7 Years of Camera Shake

When David Plummer was diagnosed with Parkinson's disease in 2009 at the age of 40, he decided to make the most of the situation and spent the following seven years capturing stunning images of wildlife.

Kingfisher bashes fish in West Sussex UK. © David Plummer

About the photographer

David Plummer’s passion for wildlife began aged two, when he remembers studying woodlice. He has since become a renowned wildlife expert and photographer, shortlisted for Wildlife Photographer of the Year in 2016. A combination of relentless research, patience, and knowledge of his subjects are the key aspects of Plummer’s success.

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Even being diagnosed with Parkinson’s failed to perturb him, and he has since produced some of his best work. Plummer is keen to change the negative public image of Parkinson’s in the UK. By capturing photography of this standard, he has already proven that the disease not have to be limiting.

7 Years of Camera Shake is a collection of more than 200 of Plummer’s favourite photographs in his native UK and worldwide. The book features breathtaking images of cheetahs on the hunt, hares framed by the sunset and many more unique snapshots of the natural world.

View more of David Plummer’s photos via his website.

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To view the images as a slideshow, click on the arrows in the top right hand corner of the photos below.

As I passed the base of the tree, this inquisitive tropical screech owl just poked his head out looking down at me: I pointed the lens straight up, grabbed a few shots and backed away. © David Plummer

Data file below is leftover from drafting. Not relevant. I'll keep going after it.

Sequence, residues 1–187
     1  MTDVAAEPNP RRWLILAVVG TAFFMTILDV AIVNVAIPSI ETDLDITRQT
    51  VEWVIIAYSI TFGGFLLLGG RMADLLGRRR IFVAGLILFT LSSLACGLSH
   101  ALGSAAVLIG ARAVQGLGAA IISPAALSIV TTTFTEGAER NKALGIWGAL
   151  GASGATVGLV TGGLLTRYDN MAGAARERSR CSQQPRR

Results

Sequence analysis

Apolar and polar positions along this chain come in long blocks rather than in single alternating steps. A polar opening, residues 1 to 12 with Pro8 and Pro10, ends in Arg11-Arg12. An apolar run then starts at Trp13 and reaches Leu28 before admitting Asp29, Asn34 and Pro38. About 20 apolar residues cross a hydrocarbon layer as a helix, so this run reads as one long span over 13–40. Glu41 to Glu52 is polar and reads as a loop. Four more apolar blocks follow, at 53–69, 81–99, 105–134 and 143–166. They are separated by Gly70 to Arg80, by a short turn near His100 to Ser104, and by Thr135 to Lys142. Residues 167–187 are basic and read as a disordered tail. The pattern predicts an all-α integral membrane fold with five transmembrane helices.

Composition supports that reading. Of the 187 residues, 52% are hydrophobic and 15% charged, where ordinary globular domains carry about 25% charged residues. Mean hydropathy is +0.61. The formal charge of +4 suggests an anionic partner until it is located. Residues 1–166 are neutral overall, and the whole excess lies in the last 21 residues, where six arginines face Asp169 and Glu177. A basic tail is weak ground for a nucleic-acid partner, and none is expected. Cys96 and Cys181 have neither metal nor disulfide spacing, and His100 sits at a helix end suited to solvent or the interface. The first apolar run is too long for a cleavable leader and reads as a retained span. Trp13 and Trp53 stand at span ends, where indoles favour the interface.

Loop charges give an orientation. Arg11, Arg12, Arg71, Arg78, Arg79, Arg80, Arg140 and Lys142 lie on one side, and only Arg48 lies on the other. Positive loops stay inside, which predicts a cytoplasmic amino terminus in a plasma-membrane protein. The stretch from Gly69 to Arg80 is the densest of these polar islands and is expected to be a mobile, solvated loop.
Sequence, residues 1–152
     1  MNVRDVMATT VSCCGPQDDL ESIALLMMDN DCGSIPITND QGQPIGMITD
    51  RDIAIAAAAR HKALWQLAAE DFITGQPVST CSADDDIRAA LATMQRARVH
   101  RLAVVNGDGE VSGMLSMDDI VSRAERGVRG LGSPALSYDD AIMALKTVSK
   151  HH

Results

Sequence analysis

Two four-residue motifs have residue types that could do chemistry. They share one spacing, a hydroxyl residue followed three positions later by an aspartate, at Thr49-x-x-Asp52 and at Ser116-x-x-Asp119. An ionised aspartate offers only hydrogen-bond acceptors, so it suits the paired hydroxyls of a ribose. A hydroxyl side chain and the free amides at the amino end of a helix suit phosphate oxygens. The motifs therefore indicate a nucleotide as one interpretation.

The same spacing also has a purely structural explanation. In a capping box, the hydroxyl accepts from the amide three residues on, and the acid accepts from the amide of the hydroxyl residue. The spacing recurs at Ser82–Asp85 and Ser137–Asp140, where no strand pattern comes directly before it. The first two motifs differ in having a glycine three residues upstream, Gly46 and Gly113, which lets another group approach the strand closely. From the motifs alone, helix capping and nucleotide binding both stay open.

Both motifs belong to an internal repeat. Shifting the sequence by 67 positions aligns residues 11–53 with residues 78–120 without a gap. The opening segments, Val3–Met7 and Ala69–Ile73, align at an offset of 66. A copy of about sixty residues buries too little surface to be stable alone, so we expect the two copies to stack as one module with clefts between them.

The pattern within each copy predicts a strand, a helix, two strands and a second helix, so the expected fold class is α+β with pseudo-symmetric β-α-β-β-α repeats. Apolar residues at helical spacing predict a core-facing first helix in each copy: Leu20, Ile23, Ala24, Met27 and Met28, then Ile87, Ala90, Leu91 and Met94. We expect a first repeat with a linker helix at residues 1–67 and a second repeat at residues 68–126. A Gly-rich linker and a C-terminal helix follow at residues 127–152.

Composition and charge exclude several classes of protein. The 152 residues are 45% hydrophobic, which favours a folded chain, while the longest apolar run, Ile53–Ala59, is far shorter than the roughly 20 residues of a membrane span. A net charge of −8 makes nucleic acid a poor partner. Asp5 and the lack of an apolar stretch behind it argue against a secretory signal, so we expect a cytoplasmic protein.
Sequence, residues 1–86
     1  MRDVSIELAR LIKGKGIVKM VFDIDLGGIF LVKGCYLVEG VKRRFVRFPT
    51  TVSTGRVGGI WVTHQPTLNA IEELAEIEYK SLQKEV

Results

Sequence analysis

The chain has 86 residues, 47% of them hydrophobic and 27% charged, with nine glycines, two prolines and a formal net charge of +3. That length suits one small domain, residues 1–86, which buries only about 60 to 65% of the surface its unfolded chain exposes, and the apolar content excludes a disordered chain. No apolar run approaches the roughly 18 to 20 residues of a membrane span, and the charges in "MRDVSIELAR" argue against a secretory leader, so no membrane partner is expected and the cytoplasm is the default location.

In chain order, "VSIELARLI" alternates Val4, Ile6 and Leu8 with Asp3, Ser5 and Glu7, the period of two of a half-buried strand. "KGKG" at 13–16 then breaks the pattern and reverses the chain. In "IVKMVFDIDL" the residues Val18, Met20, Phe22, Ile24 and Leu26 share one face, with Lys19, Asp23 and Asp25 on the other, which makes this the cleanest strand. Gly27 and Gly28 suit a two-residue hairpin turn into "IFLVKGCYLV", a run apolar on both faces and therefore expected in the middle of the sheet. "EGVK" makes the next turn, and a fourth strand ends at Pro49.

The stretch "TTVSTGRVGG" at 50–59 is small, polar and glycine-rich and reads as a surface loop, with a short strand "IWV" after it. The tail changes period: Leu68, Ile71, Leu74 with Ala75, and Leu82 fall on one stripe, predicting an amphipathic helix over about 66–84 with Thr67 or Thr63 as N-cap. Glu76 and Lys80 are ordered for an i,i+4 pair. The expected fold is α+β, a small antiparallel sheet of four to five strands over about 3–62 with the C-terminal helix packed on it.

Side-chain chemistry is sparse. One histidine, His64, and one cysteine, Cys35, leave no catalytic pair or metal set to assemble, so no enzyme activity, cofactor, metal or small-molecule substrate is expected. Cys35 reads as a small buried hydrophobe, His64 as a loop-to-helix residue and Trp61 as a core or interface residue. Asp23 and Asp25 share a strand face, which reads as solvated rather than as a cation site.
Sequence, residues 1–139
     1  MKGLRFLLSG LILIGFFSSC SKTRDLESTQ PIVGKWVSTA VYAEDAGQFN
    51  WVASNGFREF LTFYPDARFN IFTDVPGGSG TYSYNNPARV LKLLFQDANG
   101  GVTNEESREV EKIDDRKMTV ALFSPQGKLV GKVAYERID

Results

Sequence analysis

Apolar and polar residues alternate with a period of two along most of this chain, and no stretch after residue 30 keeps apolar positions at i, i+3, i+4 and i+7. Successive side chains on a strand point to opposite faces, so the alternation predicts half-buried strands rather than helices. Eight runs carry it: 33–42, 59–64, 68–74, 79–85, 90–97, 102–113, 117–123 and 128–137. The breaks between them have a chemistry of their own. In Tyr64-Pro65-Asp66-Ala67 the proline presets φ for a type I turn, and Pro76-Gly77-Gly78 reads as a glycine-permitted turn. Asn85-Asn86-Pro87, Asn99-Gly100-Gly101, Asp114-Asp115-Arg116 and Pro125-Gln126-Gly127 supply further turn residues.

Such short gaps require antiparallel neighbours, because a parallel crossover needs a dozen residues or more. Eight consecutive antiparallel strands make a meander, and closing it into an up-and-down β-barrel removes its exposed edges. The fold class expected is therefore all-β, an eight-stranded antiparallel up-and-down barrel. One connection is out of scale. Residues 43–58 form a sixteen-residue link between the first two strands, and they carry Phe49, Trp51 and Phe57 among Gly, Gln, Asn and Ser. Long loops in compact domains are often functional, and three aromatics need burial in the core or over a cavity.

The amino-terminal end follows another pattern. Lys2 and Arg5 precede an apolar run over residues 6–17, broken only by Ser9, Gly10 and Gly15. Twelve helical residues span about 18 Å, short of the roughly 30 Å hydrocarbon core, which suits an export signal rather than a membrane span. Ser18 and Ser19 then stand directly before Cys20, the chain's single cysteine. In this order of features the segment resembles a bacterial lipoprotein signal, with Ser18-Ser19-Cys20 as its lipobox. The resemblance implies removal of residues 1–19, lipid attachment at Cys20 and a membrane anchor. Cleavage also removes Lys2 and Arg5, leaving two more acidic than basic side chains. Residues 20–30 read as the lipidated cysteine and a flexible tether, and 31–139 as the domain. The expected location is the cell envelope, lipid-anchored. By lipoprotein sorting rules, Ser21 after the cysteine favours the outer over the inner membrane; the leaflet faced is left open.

As I passed the base of the tree, this inquisitive tropical screech owl just poked his head out looking down at me: I pointed the lens straight up, grabbed a few shots and backed away. © David Plummer
Sometimes I think people like to photograph the obvious with puffins such as in-flight shots, however, I think sticking with one bird and just trying to capture everyday behaviour can produce the most effective images. © David Plummer
Sometimes I think people like to photograph the obvious with puffins such as in-flight shots, however, I think sticking with one bird and just trying to capture everyday behaviour can produce the most effective images. © David Plummer
Having just missed the first, I waited two hours for this lioness to collect her second cub. The flies, tender care of the lioness, and helplessness of the cub all combine in this image. © David Plummer
Having just missed the first, I waited two hours for this lioness to collect her second cub. The flies, tender care of the lioness, and helplessness of the cub all combine in this image. © David Plummer
This Male leopard in the Maasai Mara would occasionally look up and stare at me through a small window of vegetation as he consumed a kill. This has become one of my favourite leopard shots. © David Plummer
This Male leopard in the Maasai Mara would occasionally look up and stare at me through a small window of vegetation as he consumed a kill. This has become one of my favourite leopard shots. © David Plummer